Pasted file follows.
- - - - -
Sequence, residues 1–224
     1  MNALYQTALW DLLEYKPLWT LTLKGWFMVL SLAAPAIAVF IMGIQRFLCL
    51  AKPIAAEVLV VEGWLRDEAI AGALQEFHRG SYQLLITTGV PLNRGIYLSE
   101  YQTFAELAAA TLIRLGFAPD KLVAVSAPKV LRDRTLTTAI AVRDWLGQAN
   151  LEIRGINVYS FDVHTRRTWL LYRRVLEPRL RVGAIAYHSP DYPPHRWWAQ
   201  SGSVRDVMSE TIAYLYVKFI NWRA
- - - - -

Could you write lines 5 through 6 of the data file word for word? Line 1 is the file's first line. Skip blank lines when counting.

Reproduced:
   151  LEIRGINVYS FDVHTRRTWL LYRRVLEPRL RVGAIAYHSP DYPPHRWWAQ
   201  SGSVRDVMSE TIAYLYVKFI NWRA